In my last piece, I noted that excessive optimism or pessimism essentially cancelled each other out over the course of 2011 when tracking the overall economy. The same held true of consumption spending as well:
Since the recession ended, consumer spending has been tracking a slightly slower growth trend than prior to the recession. Again, there looks to have been a long-lasting shock to the path of consumer spending. Interesting changes have occurred underneath the surface, however. The path of spending on services is markedly lower:
This was the subject of a Wall Street Journal article last November:
Increasingly, that means service businesses find it harder to get their share of consumer spending, which is prompting many business owners to scale back. At The Wall Street Journal’s CEO Council conference this month, Alan Krueger, chairman of the president’s Council of Economic Advisers, highlighted the service sector’s central role for jobs growth. “Services account for about half of GDP, and over half of jobs,” Mr. Krueger said. “Particularly discretionary services…people have been putting off getting their cars repaired because of concerns about jobs and income growth.”
This is certainly something weighing on job growth. That said, consumers are not foregoing all spending. The Wall Street Journal pieces ends with:
Small cutbacks are a big reason Massimo Liguori, owner of Salon Massimo in Connecticut, closed down one of his two locations…In turn, Mr. Liguori said he now goes out to dinner with his wife twice a month or so, compared with at least once a weekend previously. “What happens is you start becoming skeptical of the future,” he said…Still, a sense of austerity didn’t prevent him from buying a $49,000 Lexus sport-utility vehicle. “A car is different because I put my family in that,” he said.
Which brings us to the upturn in durable goods spending:
The rebound in auto sales clearly is supporting this trend. How much of this is pent-up demand that has already been satisfied? How much support will we get from auto sales in 2012? Hopefully enough to match last year’s growth, but MarketWatch recently pointed to a troubling sign:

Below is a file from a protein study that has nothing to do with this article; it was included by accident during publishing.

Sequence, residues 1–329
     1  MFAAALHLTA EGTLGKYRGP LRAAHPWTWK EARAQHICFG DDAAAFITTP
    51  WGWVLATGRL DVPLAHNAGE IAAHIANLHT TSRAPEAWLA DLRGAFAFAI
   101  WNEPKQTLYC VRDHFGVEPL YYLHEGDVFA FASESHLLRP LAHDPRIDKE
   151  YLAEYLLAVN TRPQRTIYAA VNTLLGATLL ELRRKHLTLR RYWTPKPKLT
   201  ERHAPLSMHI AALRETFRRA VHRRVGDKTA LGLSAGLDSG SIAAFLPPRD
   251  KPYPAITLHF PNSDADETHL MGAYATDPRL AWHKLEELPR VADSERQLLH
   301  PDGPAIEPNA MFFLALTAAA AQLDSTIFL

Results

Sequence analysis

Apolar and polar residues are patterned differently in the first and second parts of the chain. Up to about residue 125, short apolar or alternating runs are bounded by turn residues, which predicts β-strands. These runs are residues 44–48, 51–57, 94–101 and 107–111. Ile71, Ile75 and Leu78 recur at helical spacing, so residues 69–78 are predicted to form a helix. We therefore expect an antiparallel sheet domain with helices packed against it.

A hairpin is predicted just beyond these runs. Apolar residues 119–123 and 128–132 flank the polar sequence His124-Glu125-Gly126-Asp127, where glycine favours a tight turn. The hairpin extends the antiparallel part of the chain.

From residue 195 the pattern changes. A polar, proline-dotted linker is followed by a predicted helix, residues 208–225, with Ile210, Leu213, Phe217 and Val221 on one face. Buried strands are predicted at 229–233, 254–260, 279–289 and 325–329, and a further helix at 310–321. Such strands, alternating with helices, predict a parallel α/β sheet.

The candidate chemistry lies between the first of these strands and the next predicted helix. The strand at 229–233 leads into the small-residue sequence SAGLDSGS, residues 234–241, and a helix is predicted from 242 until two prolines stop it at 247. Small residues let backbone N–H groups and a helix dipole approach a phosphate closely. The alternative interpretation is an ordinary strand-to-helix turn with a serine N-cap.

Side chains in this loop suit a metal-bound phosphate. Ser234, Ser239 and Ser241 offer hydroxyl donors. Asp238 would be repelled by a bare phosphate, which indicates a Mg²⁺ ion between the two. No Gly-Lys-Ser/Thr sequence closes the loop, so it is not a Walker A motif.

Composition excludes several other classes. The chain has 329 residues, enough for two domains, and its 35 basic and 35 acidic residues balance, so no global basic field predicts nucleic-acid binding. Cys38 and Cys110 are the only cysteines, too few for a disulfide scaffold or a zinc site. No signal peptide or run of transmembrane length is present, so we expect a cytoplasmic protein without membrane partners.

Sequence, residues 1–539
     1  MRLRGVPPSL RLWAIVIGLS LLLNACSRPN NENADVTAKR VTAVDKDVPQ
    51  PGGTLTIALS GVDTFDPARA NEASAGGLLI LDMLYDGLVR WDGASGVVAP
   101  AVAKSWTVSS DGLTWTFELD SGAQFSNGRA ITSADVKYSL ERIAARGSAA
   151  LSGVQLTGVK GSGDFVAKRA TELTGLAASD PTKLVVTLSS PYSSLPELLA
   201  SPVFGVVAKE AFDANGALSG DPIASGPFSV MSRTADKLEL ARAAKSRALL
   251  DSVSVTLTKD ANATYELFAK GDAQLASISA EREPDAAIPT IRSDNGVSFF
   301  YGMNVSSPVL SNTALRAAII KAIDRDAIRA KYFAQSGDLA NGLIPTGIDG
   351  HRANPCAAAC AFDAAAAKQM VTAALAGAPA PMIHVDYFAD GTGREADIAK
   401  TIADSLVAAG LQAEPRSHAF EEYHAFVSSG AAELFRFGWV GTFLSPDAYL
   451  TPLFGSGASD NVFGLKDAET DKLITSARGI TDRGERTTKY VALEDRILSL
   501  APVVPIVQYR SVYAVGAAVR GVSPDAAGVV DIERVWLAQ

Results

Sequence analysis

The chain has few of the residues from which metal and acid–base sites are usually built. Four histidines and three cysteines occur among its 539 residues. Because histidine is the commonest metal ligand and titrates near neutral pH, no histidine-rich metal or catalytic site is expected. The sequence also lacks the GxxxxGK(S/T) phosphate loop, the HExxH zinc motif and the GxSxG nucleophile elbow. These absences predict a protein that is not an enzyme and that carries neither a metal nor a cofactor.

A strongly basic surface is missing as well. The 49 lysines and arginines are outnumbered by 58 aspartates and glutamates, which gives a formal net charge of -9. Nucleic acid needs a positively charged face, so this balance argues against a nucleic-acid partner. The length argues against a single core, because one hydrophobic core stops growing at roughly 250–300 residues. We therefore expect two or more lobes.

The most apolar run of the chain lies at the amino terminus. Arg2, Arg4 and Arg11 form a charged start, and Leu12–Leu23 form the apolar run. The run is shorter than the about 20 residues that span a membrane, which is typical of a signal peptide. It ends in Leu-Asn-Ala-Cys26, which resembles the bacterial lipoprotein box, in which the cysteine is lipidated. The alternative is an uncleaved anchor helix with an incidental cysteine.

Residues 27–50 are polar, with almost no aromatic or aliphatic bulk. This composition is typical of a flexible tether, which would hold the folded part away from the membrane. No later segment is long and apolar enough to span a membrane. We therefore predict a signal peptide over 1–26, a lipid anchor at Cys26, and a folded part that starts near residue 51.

But there’s also some negative news buried in the Conference Board release, and that’s a big drop in the percentage planning to buy an automobile in the next six months. At 9.8%, it’s the worst since October 2010.
One can always discount a single data point, but the decline fits a broader story: Americans needed to buy cars after the Great Recession because theirs were simply getting too long in the tooth.
But this replacement-cycle impact, which has been a tailwind for the likes of General Motors and Ford Motor Co., was bound to end at some point.
Has much of the auto rebound already taken place? How much more can we expect given the vehicle miles driven continues to decline, suggesting existing vehicles will last even longer? Something to think about as we ponder the strength of the economy this year.
Finally, the path of nondurable goods spending has been erratic:
The trend of nondruable goods spending is tracking the pre-recession trend. So, at this point, we are seeing overall consumption supported by a rebound in durable goods spending that offsets a deterioration in the path of spending on services. The bounce in durable goods spending will come to an end at some point, as 16 million units is likely an upper bound for auto sales. Will service spending accelerate to compensate? Or will we see a new normal, with a constrained consumer spending at a path and rate below those prior to the recession? I am sympathetic to that outcome, with a corresponding increase in export growth to foster rebalancing of the economy (of course dependent upon growth in the rest of the world, something in question at this point).
But that still is not a story that rapidly returns the economy to potential output. Which brings me back to a familiar place – putting aside the threats to the economy, it is easy to see a positive growth path for the economy, but more difficult to see a rapid closure of the output gap.
This post originally appeared at Tim Duy’s Fed Watch and is posted with permission.